Economic development aside, one of my many passions is photography. While partial to black and white images, I can't help but share this with you. Glenna Gordon is a photojournalist who keeps a blog out of Uganda called Scarlett Lion. She also keeps a professional website on which she has the most amazing collection African images I've seen in some time. Two of my recent favorites:
Wednesday, December 10, 2008
A big 'thank you' to Ethan Zuckerman for stirring my thinking on the advantages and disadvantages of development technology this morning. Writing on Apple's introduction of the iPhone in Egypt (and the Egyptian government's subsequent suppression of the Maps application on the grounds that GPS is a military prerogative), Zuckerman asks:
whether technologies inherently help confront and change authoritarian regimes, or whether these regimes are more successful at adapting to and repressing speech via new technologies.This is an interesting question with seemingly no clear answer. In China, for instance, the government has mastered the art of permitting certain technologies while suppressing others. The result is a populace somewhat falsely empowered with a sense of information, making marginal progress in the way of reform, and a government that isn't going anywhere anytime soon. A similar analysis may be offered in the case of Russia, and Venezuela, to a degree.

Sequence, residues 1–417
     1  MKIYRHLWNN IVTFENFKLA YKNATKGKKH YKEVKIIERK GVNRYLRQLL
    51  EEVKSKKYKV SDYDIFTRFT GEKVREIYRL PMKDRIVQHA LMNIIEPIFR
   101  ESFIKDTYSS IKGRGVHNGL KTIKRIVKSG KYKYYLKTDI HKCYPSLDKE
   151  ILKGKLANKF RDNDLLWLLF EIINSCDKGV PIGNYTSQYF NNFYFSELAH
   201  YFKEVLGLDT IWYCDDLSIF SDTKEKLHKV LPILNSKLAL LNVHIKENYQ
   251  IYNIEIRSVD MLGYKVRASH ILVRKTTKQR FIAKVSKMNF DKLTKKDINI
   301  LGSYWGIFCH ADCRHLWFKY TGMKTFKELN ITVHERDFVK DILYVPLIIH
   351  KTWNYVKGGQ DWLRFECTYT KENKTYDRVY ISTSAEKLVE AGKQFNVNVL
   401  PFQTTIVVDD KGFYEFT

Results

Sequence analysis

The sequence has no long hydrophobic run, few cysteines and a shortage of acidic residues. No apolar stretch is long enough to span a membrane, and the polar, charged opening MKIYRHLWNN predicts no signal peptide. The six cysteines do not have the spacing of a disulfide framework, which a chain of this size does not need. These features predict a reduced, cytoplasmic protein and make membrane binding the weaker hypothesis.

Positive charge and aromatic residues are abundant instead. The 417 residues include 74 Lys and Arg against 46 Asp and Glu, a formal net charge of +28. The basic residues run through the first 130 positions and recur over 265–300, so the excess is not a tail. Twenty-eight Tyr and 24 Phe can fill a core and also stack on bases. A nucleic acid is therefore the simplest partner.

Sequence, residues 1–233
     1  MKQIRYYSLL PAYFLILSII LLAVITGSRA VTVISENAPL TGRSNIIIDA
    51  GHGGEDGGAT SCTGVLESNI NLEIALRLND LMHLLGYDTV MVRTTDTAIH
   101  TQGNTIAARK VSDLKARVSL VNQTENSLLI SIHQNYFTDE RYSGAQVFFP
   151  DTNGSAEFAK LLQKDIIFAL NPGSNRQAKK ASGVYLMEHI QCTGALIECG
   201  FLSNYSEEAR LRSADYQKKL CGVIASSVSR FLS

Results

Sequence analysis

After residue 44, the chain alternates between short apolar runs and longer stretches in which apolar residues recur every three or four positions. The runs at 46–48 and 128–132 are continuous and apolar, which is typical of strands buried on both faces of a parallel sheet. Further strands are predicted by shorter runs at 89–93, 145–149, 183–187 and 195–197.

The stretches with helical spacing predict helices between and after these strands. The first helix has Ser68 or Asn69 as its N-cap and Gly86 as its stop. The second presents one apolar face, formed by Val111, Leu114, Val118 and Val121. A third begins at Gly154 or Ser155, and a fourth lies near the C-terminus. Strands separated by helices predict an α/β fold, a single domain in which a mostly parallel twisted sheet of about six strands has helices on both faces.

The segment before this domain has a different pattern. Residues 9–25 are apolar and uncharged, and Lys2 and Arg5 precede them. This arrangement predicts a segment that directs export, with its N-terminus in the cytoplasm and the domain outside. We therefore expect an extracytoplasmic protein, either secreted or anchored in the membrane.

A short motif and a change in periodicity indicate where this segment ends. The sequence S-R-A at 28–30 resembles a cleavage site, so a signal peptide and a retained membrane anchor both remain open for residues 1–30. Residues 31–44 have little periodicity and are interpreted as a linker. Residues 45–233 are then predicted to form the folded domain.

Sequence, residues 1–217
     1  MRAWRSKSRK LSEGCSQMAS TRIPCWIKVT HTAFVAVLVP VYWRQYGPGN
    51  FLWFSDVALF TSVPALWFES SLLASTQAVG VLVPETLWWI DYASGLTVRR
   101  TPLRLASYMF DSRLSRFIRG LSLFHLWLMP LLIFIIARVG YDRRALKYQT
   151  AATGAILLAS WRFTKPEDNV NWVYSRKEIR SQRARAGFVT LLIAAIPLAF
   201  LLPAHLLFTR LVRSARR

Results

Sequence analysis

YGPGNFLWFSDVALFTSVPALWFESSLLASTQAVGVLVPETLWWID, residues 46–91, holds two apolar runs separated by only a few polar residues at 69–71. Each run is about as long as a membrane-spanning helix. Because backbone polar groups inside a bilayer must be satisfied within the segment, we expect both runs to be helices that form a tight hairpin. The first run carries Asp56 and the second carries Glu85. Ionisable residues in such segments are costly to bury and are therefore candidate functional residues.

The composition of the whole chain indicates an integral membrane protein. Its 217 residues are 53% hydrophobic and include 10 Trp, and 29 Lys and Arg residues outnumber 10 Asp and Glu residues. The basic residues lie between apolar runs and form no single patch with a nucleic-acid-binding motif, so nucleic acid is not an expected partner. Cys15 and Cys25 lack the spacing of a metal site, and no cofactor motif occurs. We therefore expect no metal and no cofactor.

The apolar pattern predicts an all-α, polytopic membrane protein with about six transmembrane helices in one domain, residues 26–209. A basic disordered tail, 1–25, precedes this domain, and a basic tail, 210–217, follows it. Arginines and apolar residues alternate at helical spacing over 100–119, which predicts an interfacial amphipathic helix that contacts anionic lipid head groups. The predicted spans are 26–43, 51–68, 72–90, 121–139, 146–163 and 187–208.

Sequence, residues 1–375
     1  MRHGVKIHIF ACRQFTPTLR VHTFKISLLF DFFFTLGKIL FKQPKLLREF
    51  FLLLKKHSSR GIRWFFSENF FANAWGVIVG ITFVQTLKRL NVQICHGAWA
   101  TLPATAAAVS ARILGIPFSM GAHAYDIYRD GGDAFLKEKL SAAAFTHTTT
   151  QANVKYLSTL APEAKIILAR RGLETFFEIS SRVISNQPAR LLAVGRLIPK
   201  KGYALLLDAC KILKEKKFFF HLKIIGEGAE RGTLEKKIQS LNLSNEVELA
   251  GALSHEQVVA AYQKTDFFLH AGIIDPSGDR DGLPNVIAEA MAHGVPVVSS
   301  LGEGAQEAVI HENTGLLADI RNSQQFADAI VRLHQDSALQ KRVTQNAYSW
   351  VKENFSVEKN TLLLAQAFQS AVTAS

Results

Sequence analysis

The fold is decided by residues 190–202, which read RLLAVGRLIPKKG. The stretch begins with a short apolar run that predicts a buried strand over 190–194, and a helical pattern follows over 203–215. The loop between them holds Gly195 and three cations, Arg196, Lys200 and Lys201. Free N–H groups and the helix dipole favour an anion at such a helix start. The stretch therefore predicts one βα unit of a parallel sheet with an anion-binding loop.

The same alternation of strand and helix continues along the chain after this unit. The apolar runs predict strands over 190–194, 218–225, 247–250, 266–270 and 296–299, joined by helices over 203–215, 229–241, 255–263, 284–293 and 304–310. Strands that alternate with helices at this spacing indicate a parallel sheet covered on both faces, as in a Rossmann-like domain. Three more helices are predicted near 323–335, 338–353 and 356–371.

Switching gears a bit, I began exploring the various information technologies (broadly speaking) emerging across Africa. Here, the issue is perhaps not so much changing authoritarian regimes (though that certainly wouldn't hurt), but engendering sustainable development. A few interesting projects caught my eye:
- A small NGO in Nairobi called ALIN (Arid Lands Information Network) is working to connect rural communities via community knowledge centers by running solar powered VSAT dishes
- A web-based reporting tool - Ushahidi (which means "testimony" in Swahili) - is allowing Africans caught up in political unrest to report incidents of killing, violence and displacement. Its goal is to create a simple way of aggregating information from the public for use in crisis situations. It has been recently used in the Democratic Republic of Congo
- Wikiforets is a living dictionary and encyclopedia, bringing together French speaking Africans who can share their knowledge of the indigenous forests in West and Central Africa with the aim of conserving the forests in which people live or on which they are dependent